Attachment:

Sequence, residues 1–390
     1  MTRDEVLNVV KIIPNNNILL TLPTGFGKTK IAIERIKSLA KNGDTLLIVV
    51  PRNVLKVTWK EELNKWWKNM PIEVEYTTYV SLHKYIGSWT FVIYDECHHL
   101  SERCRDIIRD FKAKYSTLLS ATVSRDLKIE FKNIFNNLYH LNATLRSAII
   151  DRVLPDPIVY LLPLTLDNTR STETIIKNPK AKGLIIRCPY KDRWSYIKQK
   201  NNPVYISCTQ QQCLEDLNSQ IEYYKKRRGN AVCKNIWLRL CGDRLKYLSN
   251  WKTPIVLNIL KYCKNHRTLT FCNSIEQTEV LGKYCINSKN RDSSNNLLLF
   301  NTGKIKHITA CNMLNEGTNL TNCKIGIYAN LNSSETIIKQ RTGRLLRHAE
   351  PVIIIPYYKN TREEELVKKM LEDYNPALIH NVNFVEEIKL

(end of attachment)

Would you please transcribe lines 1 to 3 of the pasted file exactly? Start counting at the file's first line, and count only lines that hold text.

Sequence, residues 1–390
     1  MTRDEVLNVV KIIPNNNILL TLPTGFGKTK IAIERIKSLA KNGDTLLIVV
    51  PRNVLKVTWK EELNKWWKNM PIEVEYTTYV SLHKYIGSWT FVIYDECHHL